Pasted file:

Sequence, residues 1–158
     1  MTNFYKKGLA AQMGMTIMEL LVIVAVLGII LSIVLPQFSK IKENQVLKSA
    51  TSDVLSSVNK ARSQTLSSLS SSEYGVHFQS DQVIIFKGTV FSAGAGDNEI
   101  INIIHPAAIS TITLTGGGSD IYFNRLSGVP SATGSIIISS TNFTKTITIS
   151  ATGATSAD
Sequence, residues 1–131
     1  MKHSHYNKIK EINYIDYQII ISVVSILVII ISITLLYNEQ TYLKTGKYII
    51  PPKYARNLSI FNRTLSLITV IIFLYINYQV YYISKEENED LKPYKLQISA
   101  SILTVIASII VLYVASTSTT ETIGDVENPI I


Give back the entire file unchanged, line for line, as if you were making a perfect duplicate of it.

Sequence, residues 1–158
     1  MTNFYKKGLA AQMGMTIMEL LVIVAVLGII LSIVLPQFSK IKENQVLKSA
    51  TSDVLSSVNK ARSQTLSSLS SSEYGVHFQS DQVIIFKGTV FSAGAGDNEI
   101  INIIHPAAIS TITLTGGGSD IYFNRLSGVP SATGSIIISS TNFTKTITIS
   151  ATGATSAD
Sequence, residues 1–131
     1  MKHSHYNKIK EINYIDYQII ISVVSILVII ISITLLYNEQ TYLKTGKYII
    51  PPKYARNLSI FNRTLSLITV IIFLYINYQV YYISKEENED LKPYKLQISA
   101  SILTVIASII VLYVASTSTT ETIGDVENPI I